“He has shown you, O mortal, what is good.

    And what does the Lord require of you?

To act justly and to love mercy

    and to walk humbly with your God.” -Micah 6:8 (NIV)

 

There have been many rumblings in our world as of late.  The COVID-19 virus and the unnecessary ending of human lives are two examples.  John chapter 15 reminds us that Jesus is the vine and we are the branches called to remain in Him so that we bear fruit.  The scriptures do not preface this by clarifying our fruitfulness “only in the good times,” or “when you feel like being fruitful.”  No, we are called to remain in Christ at all times, even when we feel the rumblings of the world.

We, as a church, have been reflecting on the words of Micah 6:8 for quite some time now.  While each component of this verse is significant, the whole sixth chapter of Micah is stirring.  It starts by reminding us of God’s faithfulness-even in hard situations.  It moves on to state that nothing we bring as offerings to our God comes close to being as valuable as how we treat others in the way God calls us.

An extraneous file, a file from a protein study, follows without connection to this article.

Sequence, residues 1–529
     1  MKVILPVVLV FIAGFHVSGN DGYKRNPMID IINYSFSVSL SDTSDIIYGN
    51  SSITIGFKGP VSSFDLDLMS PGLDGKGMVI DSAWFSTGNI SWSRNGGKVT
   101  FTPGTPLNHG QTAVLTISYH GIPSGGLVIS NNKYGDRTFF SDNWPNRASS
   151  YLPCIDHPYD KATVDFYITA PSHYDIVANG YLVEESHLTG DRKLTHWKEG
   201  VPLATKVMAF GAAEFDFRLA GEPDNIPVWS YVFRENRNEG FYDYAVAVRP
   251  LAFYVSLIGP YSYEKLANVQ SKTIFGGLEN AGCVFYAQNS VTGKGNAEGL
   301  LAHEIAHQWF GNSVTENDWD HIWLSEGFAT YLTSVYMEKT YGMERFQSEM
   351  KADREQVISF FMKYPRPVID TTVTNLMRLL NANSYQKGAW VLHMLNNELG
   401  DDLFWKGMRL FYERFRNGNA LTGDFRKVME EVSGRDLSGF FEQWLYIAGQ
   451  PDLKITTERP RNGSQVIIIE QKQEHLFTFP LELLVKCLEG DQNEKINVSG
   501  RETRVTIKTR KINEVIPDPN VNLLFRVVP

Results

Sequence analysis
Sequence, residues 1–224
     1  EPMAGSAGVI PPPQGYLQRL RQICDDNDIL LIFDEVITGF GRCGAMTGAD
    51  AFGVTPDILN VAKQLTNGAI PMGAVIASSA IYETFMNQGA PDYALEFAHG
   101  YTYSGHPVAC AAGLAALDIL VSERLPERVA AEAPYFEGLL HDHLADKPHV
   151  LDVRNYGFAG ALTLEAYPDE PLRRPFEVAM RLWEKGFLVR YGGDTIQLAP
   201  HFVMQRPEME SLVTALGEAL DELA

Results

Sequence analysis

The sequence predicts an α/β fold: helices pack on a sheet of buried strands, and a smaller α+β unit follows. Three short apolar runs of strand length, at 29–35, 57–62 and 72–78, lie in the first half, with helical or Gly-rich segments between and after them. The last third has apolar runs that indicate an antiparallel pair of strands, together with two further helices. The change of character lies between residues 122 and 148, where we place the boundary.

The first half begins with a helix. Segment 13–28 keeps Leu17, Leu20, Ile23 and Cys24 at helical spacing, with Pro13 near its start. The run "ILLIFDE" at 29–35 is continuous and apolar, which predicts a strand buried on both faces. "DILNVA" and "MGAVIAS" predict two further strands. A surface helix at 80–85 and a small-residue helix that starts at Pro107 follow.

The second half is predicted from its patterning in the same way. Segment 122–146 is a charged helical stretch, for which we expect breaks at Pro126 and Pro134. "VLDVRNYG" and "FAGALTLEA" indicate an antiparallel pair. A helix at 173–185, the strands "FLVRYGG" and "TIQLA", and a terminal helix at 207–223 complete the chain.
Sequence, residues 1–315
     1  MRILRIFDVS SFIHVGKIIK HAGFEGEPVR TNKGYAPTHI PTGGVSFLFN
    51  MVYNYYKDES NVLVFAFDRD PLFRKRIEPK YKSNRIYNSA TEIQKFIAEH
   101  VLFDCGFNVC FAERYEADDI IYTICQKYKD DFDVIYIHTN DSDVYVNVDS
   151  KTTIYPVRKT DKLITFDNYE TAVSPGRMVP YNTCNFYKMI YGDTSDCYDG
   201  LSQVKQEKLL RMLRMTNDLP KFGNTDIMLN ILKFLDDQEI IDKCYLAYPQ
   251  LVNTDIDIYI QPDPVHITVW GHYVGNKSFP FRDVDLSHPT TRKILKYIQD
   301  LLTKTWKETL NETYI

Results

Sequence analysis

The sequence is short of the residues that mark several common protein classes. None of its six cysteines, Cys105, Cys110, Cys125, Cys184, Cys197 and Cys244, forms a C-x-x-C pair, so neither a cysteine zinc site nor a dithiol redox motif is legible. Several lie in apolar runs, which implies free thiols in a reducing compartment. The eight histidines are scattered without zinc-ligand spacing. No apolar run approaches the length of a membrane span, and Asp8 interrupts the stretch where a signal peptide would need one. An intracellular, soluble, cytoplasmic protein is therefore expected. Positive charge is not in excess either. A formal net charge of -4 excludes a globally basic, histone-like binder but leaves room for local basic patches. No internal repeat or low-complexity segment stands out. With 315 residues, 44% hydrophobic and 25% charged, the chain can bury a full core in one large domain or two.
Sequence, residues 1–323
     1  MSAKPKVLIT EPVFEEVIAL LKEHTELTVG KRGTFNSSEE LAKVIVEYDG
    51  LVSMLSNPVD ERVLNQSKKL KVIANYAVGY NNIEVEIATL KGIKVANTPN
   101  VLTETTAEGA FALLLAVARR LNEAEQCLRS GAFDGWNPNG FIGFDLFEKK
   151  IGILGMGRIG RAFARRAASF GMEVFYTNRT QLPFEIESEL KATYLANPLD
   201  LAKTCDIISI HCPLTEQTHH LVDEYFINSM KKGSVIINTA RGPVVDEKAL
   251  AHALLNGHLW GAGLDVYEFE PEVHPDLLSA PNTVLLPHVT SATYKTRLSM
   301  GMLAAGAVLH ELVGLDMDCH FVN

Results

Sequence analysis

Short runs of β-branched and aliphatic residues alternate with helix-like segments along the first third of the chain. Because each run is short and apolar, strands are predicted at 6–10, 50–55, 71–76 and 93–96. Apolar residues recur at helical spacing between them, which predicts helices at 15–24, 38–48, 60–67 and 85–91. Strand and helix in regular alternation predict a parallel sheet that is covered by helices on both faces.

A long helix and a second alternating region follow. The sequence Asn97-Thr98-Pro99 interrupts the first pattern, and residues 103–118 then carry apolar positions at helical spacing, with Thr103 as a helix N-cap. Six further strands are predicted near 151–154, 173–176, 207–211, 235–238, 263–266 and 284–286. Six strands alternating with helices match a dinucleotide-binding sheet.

Acting justly, seeking justice, extending mercy, and savoring the mercy God has extended to us are easier to do without thinking about the humility we are called to exude in all circumstances.  Name calling and slander come naturally when we feel as though justice has been breached.  They also spread effortlessly when we think we have all the answers and the social media platform from which we can shout those answers.  Alternatively, we know we are all sinners and fall short of the glory of God (Romans 3:23).  We know it is Jesus who sits at the right hand of the Father and will come again to judge the living and the dead (2 Timothy 4:1).  We also know from the well-known verse in Micah that we are to walk with God in a way that brings Him glory.

The Lord requires us to treat all others well (“act justly”), long for compassion toward others to whom it might be easier and even within our power to call names or punish-yes, even verbally over the internet (“love mercy”), and through it all, to put others before ourselves (“walk humbly”).  The part we must never forget, though, is that God wants us to do these things with Him.  Just as we tell the kids from the youngest of ages, “God loves you and will never leave you.”  My guess is that some of the rumblings of the world would dissipate if we all acted a little more justly, extended a little more mercy, walked carrying a much healthier dose of humility, and thanked God for being with us through it all.